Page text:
The word “Sustainable” is most definitely the latest buzz word used by so many brands these days. Most brands that have become “Sustainable” overnight scream from the rooftops about how earth friendly their products are; however, many don’t seem to really understand what sustainable is.
Pretty simple eh. You would think so, however I see so many brands getting this completely wrong.
For instance, I just received a newsletter from a premium sportswear brand that describes how sustainable they are. They talk about producing garments that last as long as you do (wow, that’s a guarantee and a half!, What if you are just 20 and live to 100 years old, are their garments really going to last 80 years?) and that they design classics that are not this season trend and are timeless. They even claim that the word “Sustainable” isn’t a buzzword in their company and is core to their philosophy. Sounds great. Lifetime lasting product, made from sustainable materials, ethically sourced and classic, timeless styles not sold on trend.
The 2nd story in their newsletter reads “Buy 2 and get 20% off”.
How is this sustainable? It’s completely contradictory to their “philosophy” as they are trying to upsell. When you then dig a little deeper, you find that nearly half of their range uses virgin polyester which is about as far removed from sustainable as you can get.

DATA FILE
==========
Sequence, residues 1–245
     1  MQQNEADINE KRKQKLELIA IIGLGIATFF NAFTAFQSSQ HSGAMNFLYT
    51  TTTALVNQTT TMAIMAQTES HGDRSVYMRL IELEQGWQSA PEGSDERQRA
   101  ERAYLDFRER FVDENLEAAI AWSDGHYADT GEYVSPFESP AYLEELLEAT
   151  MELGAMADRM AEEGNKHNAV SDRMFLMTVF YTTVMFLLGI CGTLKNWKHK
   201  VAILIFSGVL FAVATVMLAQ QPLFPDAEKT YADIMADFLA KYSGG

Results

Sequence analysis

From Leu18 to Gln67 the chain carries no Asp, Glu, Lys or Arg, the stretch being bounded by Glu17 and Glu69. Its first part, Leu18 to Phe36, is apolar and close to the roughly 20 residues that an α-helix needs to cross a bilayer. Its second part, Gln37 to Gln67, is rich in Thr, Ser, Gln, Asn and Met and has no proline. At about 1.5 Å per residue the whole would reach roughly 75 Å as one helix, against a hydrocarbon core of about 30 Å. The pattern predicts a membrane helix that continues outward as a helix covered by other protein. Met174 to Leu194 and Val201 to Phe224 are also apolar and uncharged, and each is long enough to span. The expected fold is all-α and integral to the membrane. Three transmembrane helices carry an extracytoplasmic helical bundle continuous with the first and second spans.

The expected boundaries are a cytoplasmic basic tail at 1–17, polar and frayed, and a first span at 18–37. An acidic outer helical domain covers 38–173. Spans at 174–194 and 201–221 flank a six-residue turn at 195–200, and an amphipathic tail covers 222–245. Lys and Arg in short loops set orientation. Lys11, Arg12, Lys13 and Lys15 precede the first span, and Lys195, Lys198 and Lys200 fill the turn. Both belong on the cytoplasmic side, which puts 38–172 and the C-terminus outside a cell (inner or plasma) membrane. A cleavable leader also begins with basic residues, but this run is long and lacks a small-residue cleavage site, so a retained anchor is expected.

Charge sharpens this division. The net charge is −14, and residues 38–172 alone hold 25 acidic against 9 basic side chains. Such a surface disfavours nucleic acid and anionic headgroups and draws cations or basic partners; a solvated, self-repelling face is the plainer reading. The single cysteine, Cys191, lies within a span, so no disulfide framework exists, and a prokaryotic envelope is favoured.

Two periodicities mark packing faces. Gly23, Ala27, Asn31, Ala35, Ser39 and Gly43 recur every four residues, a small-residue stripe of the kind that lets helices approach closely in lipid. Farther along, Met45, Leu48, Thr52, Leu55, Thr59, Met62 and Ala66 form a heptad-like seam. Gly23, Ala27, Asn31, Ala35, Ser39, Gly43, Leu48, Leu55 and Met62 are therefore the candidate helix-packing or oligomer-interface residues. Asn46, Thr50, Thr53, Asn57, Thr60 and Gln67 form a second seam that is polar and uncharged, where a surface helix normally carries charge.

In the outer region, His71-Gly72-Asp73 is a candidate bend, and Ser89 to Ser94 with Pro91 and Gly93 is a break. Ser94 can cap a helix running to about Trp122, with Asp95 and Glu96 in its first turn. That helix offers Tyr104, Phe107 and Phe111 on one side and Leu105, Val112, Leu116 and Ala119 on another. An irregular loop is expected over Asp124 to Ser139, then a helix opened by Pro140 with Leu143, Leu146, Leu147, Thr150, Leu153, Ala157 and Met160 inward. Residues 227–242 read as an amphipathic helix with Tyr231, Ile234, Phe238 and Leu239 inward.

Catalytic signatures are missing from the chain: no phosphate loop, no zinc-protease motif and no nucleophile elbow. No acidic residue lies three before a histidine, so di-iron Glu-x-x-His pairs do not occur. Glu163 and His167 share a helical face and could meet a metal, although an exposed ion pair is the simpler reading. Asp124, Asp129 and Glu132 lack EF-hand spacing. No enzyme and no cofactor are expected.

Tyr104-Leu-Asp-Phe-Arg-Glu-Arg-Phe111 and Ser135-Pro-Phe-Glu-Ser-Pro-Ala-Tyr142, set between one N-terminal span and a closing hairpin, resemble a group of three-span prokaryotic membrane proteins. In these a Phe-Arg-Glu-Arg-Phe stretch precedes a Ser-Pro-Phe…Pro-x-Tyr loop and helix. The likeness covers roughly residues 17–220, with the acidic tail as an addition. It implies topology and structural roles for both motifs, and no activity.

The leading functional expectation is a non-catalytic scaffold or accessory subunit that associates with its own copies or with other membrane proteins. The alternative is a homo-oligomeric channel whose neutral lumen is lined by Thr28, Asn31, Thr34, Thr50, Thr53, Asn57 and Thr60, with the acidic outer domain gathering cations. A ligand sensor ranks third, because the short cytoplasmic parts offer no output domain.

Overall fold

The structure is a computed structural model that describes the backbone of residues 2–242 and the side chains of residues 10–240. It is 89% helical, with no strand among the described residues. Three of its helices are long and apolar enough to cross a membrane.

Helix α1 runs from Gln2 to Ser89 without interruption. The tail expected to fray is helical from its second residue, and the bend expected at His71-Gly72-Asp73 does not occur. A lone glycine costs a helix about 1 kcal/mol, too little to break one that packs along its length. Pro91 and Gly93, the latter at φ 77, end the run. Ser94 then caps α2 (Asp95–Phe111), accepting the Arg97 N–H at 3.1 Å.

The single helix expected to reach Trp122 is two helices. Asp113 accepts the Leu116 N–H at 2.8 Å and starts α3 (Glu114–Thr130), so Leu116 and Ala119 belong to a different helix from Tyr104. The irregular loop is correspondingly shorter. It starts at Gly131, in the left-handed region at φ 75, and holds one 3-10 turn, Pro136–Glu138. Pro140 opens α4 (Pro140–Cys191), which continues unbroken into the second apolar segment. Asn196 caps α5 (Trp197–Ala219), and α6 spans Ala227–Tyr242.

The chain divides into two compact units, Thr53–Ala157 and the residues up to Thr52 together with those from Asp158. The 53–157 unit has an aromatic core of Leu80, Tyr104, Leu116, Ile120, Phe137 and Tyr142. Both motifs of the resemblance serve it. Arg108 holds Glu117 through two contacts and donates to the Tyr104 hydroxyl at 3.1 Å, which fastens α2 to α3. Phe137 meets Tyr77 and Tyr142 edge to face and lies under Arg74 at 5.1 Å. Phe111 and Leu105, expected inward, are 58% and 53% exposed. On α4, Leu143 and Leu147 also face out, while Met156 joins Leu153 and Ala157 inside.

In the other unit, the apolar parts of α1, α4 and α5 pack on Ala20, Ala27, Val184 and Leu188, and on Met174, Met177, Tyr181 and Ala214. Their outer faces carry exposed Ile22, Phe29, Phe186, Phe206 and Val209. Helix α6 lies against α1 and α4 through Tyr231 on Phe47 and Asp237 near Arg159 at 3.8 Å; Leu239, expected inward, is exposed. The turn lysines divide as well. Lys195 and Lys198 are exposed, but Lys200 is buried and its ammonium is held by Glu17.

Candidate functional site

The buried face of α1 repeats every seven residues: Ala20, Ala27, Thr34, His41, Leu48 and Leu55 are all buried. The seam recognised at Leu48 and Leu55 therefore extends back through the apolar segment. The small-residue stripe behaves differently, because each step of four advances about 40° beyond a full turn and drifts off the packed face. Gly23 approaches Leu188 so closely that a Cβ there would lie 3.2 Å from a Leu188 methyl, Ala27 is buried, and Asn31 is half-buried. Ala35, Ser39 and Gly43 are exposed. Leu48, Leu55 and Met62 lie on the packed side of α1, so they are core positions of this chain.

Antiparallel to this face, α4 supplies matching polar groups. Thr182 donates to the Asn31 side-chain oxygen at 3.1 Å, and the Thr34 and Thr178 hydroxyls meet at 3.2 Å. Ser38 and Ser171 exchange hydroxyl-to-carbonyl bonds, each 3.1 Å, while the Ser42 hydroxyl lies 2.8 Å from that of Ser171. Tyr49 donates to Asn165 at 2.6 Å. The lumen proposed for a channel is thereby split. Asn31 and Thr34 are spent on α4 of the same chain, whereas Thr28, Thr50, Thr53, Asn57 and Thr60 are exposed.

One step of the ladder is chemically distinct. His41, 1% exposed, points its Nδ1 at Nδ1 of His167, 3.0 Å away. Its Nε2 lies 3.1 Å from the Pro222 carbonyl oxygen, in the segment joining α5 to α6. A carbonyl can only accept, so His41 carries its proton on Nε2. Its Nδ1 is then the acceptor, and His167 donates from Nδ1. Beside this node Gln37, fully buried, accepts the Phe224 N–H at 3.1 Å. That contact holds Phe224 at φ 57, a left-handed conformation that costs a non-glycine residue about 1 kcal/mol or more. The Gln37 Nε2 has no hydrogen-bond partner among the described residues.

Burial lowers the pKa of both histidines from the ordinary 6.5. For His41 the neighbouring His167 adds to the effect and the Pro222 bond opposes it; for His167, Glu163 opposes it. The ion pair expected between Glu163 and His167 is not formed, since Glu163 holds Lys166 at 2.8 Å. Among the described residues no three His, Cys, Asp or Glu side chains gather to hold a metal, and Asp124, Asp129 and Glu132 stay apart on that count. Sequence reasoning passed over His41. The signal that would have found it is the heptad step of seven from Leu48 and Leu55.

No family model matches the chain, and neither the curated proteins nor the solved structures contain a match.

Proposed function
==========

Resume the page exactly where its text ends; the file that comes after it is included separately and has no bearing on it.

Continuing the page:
Dig even further and some glimmer of sustainable creeps in with recycled plastic being used to create one of their styles, however they confuse the consumer by talking about sustainability here when all they are doing is recycling toxic plastic waste to produce more toxic waste.
Part of their range includes merino wool, which is a highly sustainable fibre, however not when you blend it with polyester as they do!
and make sure your brand and its products stand by this, otherwise tone down the sustainable broadcast.
There are fibres that are much more sustainable than others, such as Pure Merino Wool, Tencel, Bamboo, Modal and Hemp, however recycling plastic bottles to produce polyester isn’t one of these fibres. Sure, its cleaning up the oceans and landfills, however it’s a temporary clean up as these garments will eventually be thrown away in landfill and remain there for decades, perhaps centuries.
Quality is also a key driver to making something sustainable. Manufacturing goods that are produced to the highest standards and will therefore last longer are much more sustainable than something that falls to bits. Think about creating icons that will be cherished and cared for. What’s more sustainable, a Toyota Prius fuelled by batteries or a Land Rover Defender fuelled by diesel. Prius right? Not when you take into account that over 70% of Defenders ever produced are still on the roads today or how toxic battery production and waste is.
Care for the product is another factor. If harmful synthetic fibres are being washed out of the garment into our waterways and oceans every time you wash the garment then this isn’t eco or sustainable, so think about using fibres that may not need to be washed as much because they don’t attract bacteria and therefore smell.
Lastly, think about hard selling and discount sales. Ultimately, as a society, we have become careless and consumer driven, buying because of want rather than need. If we only bought what we need, the world would be in a much better place than it currently is, so rather than pushing discounts and volume, think about the long game and brand loyalty by selling less at the right price for consumers to love your brand while you sustain your growth and the planet.
We are passionate about creating sustainable and ethically produced sportswear for our clients. If you are looking for a sustainable sportswear supplier, please get in touch